As we move our mouse, or cursor closer to the center point, you'll notice that the value of X and Y becomes closer to 0. And the reason for that, is this center point is the one from the origin that was projected to the sketch. And if you remember from the previous movie around origin geometry, the center point literally is the center of the universe. It is 000 on the coordinate system. Because that's projected to every single sketch, it's incredibly useful to mount geometry or lock geometry to that center point, so that it scales and sizes in a predictable fashion.
I'm gonna start by left clicking on the center point, which will also create a coincident constraint at the same time. And now we're ready to create our first line. But, we have some head's up display that's presented. The first one, highlighted in blue, is the length of the line. If we want to, we can simply press "1" on our keyboard, and then "Tab" to switch to the other dimension, and you'll notice that our line is now exactly one inch long, there's a lock next to that dimension, indicating that we've manually entered something, and we switched over to the angle dimension, that if we wanted to, we could type in a value and lock this to a specific angle dimension as well.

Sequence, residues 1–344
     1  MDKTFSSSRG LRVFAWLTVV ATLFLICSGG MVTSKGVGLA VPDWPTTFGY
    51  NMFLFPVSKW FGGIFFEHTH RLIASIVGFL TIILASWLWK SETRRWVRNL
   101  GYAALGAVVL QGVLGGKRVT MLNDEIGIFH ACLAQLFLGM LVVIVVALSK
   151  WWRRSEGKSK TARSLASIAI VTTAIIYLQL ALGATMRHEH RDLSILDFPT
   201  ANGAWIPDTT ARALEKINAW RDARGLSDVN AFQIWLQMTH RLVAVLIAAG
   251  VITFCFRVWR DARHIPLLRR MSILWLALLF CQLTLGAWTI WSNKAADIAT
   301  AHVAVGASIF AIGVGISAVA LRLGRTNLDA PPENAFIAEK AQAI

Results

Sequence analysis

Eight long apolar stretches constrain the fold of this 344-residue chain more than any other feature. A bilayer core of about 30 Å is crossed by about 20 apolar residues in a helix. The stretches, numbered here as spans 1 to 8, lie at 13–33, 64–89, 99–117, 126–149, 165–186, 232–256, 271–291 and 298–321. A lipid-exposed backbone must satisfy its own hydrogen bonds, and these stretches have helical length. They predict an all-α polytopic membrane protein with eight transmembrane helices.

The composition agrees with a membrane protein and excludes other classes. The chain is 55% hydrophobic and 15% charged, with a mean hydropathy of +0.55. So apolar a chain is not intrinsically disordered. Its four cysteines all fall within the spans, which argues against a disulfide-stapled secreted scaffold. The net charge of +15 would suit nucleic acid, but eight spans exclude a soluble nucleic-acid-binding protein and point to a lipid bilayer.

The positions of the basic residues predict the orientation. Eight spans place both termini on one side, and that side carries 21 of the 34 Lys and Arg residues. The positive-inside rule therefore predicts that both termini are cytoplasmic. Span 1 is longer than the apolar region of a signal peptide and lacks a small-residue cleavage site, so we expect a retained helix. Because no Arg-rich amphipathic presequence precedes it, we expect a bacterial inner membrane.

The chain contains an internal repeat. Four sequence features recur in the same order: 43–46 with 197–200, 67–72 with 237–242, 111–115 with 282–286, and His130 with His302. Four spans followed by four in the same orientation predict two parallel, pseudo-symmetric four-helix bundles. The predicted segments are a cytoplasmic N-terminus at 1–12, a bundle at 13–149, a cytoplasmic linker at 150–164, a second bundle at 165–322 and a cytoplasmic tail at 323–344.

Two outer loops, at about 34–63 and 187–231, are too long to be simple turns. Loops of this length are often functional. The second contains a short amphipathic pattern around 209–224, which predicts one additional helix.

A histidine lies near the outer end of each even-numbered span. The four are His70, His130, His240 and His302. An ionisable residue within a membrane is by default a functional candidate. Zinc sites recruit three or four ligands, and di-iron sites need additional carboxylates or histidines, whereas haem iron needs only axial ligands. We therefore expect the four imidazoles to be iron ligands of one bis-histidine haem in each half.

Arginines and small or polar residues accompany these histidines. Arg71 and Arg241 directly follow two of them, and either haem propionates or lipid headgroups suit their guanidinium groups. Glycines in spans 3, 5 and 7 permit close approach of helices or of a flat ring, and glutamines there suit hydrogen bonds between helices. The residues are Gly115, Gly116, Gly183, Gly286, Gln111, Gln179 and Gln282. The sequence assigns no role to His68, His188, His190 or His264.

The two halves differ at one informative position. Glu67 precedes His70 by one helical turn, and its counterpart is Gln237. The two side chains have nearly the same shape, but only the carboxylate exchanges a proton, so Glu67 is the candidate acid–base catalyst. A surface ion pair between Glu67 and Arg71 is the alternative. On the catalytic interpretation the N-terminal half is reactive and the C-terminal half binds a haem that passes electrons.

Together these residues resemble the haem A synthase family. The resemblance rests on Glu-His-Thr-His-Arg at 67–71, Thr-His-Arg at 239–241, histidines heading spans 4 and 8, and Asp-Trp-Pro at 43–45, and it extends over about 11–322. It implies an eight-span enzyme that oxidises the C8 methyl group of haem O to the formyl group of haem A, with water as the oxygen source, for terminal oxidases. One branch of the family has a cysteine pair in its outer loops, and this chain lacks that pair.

We're not gonna do that now, but what we're gonna do, is as we move, we're gonna move our cursor down closer to horizontal. And what's gonna happen, is when we get very close to horizontal, you'll notice this, it'll snap to horizontal. It's very light, and very minor, but you do feel or notice a snapping when it gets to horizontal. So we now have our line that's one inch long, and we're at a horizontal point, indicated by the horizontal icon at the end of the line. If we left click now, we will place the line, the dimension that we added, the one inch value, is automatically applied as a dimensional constraint.
And, this line has a horizontal constraint as well. And just like before, we're ready to continue creating geometry. Now we're gonna go ahead and continue, and we're gonna drag this out till about a half inch or so, and as we move to what will become vertical, you'll notice something changes again. Here, we have a perpendicular constraint. So what's happening is, as you're drawing, Inventor is using the previously drawn piece of geometry to infer constraints from. Because you just drew this line that's horizontal, and now, you can see the head's up display says you're at a 90 degree angle from the previous line, it recognizes perpendicularity, and it's trying to apply that automatically.